Industrial Fun and Whimsy
Acolytes of Joel and Ethan Coen’s brand of offbeat whimsy will find much to like in Hail, Caesar!, a touch of Hollywood studio nostalgia seasoned with their requisite kook. With symbolism so stark you could peel off it off the screen, the movie tracks the spiritual crisis of 1950’s movie fixer, Eddie Mannix, played by Josh Brolin, who wrestles with problems on a number of productions, including potential starlet scandal, a miscast matinee idol, and a star’s abduction by a group of communist intellectuals, while considering a move to the less fantastical lowlands of corporate America.
Not for nothing is Brolin a man who goes to confession over minor transgressions like enjoying a cigarette against his wife’s wishes; his is a soul in crisis. Of course, say the Coens, the point, as Brolin comes to realise, is that movies have become America’s new religion, and the empires of old – the church, Rome, are just sausage meat for the factory. Embrace the movies, says this movie about old movies, and know that the industry and its popular myths are the 20th century’s totems, and that to be the bag man for the studio in such an era, was to be as close to godliness as is possible.
Those enamoured by the quaintness and charm of Hollywood’s so-called golden age, will enjoy Caesar’s affectionate peak behind the studio curtain, and the fun extended cameos that grace each production, notably Channing “Chatum” Tatum, in a sailor musical, Ralph Fiennes as the imperious director of prestige melodramas, and Scarlett Johansson as the graceful movie starlet with a graceless off-camera persona. There isn’t, alas, much more to the Coens’ movie than that; it’s a valentine with their usual pseudo-intellectual embellishments – prestige ensemble comedy.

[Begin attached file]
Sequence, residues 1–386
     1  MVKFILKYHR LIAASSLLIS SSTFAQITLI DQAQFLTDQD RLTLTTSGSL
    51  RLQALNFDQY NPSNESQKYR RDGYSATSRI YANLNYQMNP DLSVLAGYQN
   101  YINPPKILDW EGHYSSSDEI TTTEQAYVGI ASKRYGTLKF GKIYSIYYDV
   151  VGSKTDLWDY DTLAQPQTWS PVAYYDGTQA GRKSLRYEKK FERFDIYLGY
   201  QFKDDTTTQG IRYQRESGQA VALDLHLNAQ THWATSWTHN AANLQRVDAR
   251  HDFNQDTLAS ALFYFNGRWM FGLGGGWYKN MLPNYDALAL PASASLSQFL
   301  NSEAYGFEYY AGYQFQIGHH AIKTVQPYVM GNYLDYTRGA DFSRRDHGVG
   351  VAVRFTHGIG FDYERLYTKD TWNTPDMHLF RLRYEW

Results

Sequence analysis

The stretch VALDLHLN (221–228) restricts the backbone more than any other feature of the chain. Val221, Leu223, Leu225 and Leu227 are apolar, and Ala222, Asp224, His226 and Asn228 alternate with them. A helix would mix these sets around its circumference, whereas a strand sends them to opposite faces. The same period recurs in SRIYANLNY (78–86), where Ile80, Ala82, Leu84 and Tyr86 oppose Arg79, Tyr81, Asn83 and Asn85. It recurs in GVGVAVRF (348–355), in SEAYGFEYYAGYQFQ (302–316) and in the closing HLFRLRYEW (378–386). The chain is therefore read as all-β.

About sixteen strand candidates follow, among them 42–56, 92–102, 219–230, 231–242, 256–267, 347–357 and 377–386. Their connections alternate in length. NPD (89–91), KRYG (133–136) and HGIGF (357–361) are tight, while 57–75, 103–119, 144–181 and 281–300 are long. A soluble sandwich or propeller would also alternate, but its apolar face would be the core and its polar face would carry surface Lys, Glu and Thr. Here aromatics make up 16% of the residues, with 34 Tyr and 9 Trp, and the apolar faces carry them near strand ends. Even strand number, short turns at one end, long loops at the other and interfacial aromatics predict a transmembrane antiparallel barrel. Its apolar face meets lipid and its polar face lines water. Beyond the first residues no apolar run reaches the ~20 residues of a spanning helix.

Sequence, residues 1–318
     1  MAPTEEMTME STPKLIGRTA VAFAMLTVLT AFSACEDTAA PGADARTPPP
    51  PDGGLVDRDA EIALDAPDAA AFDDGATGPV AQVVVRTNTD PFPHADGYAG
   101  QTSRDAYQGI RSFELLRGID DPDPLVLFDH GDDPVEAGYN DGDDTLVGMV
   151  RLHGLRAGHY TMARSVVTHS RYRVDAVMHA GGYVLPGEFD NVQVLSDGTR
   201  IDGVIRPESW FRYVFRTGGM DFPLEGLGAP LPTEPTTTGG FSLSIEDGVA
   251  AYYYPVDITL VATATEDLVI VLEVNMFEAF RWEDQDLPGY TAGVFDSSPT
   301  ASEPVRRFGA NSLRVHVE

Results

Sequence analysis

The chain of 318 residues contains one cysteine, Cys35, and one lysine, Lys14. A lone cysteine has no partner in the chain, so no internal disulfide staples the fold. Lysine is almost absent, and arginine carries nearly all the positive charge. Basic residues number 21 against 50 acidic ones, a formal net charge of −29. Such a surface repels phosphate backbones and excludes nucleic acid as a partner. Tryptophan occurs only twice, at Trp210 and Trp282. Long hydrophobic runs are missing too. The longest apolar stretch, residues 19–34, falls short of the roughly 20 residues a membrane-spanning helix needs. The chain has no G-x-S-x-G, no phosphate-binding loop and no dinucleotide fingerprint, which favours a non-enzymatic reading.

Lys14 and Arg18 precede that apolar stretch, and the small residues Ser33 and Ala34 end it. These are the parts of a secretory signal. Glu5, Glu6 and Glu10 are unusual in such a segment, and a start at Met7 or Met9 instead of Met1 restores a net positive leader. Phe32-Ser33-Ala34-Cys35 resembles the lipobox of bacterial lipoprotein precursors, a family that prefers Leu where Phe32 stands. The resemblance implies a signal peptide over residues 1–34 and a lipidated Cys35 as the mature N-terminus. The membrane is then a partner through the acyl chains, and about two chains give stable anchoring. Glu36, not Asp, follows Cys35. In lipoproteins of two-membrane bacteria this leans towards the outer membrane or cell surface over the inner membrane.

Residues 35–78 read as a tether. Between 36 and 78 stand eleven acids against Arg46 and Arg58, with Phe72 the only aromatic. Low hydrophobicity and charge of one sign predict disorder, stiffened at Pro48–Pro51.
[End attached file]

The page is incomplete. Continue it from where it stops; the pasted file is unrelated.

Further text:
Indeed, all the usual suspects who like to be associated with this kind of thing, as it shows they have a nice line in self-deprecation, as well as a fine sense of the absurd, are all present and correct. There’s George Clooney as the box office star in the Kirk Douglas mode, wide-eyed and mugging, Tilda Swinton in a double role as two English scandal hunting journalists, the aforementioned Fiennes doing his very best debonair dandy, and a turn from Frances McDormand as an editor who nearly dies when her tie gets caught in the film gate.
Hail, Caesar’s gently witty then; an old-school caper with period framing and transition conventions, and a light smattering of postmodern superiority. Audiences are entitled to ask if it had to be quite so inconsequential, essentially a glossy diversion for movie buffs, but what do you want? Style AND substance?